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Wednesday, 1 June 1994
Page: 1123


Senator WOODLEY (7.00 p.m.) —I also want to speak on this report and draw attention to a number of quotations from it. In fact, I would like more time to comment on a number of the issues which were addressed in the report, but I will have to limit myself. On page 173 the comment is made:

The nature of the mindshifts and structural reforms required to support the provision of water and sanitation are such that if governments fail to address them, little change will occur.

To balance any tendency of governments to inaction, the commissioner considers it essential that an independent evaluation of progress be made on a regular basis. I had my own opportunity, just two weeks ago, to witness this inaction at first hand, during a visit to Palm Island in North Queensland. I might add that I have visited many Aboriginal communities in the last 30 years but this is the first time I had been to Palm Island.

  I would like to thank the council and the chairperson Alf Lacey for their hospitality. During that visit they showed me the water supply for the island and the community, a most inadequate dam designed for a town of 1,600 people; a town which has had its population double in the last 10 years. There are now 3,500 people living in the vicinity.

  Three days before the last state election the government promised that it would instigate and institute a new water supply and a new dam. This was because the water supply at Palm Island had been affected by blue-green algae. The sad story is that although that promise was made before a state election, that dam has never been built. The only thing that is saving that community from the problem of blue-green algae at the moment is that heavy rain in North Queensland has meant the current dam is full to overflowing.

  Another part of the problem is the constant breakdown of the sewerage system which, again, was built for a township about half its current size. The problem is that the three tiers of government do not seem to be able to get their act together. I must say that the criticism is not levelled at this stage at the federal government; it seems that the federal government certainly has been prepared to deliver the funds necessary. The breakdown seems to be somewhere between the state government and the local council.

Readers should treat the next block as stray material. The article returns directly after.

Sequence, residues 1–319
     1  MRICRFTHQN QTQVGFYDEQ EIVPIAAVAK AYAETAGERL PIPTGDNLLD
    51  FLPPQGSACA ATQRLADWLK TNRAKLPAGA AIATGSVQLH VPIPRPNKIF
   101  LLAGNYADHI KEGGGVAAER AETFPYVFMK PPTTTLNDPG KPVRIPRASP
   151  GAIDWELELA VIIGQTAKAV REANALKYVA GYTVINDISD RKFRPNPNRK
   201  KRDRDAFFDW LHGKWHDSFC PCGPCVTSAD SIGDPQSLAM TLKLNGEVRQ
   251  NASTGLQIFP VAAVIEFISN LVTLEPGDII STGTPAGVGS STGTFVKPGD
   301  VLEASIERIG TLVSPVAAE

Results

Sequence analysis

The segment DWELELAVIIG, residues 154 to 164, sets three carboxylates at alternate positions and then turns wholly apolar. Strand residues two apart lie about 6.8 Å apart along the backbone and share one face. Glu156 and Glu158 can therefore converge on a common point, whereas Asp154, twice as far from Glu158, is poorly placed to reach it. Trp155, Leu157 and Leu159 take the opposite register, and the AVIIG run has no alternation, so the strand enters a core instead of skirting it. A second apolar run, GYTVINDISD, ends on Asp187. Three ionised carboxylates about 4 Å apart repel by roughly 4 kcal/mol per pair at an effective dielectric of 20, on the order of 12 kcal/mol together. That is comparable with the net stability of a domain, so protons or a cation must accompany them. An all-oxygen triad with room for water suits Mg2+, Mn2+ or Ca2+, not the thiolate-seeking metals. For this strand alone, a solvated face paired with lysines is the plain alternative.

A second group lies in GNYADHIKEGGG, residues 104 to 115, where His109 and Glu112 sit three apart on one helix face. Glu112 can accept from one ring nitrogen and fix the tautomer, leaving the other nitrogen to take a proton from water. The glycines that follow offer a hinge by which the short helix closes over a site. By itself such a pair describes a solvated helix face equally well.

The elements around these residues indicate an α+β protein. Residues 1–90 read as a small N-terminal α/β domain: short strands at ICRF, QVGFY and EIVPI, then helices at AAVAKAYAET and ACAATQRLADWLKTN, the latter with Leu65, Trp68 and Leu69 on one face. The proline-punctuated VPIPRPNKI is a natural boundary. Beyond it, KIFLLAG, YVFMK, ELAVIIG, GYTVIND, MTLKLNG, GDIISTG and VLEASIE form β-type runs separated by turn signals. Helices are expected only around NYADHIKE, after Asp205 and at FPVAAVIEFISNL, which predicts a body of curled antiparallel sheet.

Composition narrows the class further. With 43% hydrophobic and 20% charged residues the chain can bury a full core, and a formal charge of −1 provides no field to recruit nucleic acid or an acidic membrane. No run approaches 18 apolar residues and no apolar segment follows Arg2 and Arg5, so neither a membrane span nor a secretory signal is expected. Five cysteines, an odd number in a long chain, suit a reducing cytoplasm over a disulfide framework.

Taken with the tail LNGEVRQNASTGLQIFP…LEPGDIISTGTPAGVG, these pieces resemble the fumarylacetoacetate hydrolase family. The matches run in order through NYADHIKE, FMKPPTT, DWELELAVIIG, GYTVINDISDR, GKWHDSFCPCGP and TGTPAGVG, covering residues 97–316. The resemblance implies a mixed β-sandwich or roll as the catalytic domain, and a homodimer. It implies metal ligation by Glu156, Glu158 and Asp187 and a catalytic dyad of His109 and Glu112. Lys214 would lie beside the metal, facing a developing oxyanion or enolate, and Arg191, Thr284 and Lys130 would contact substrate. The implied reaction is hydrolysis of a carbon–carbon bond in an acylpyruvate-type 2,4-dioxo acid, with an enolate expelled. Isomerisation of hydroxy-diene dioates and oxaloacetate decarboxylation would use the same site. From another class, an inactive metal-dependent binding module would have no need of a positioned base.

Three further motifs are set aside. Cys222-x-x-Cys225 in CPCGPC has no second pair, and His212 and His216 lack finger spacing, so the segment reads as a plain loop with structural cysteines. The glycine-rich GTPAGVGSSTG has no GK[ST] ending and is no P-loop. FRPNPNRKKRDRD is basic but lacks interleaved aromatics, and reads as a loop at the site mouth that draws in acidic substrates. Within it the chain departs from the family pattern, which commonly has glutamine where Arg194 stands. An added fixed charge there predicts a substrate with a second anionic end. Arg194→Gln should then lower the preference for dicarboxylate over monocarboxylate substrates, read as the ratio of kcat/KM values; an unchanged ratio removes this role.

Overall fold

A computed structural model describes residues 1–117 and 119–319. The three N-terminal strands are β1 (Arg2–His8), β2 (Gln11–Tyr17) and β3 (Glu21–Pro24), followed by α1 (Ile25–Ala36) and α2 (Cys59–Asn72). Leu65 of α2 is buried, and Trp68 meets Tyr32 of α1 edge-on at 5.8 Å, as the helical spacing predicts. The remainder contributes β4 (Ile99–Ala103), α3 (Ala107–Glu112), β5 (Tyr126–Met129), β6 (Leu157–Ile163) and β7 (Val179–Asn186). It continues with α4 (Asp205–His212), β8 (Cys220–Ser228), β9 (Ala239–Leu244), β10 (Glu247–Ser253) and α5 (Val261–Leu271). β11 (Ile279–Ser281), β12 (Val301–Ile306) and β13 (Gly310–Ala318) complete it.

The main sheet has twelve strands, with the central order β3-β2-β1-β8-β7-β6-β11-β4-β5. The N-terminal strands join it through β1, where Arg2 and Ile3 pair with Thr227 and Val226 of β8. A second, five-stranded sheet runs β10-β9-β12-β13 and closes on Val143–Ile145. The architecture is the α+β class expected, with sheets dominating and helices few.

The local council was simply unable to assist me on this matter because it had no information from the state government about when the dam was to be installed. I should mention that Palm Island is just off the coast of Townsville, which is certainly much closer to major population centres than most of the communities studied in this report. However, being an island off the coast, it is very much a case of out of sight, out of mind. One can imagine how much worse this is for communities that are far removed from the main cities and towns, such as those communities addressed in this report.

  I commend the report to the Senate and I hope that all senators will read it. I also hope they will take note of what is said and realise that until we address basic issues such as water supply and sewerage systems, we will be unable—no matter how much money we spend—to do anything about the health of Aboriginal communities. That is not only a national disgrace but an international disgrace. I underline the report's view that governments must consult and work together in order to solve the problems which it so graphically describes.

  Question resolved in the affirmative.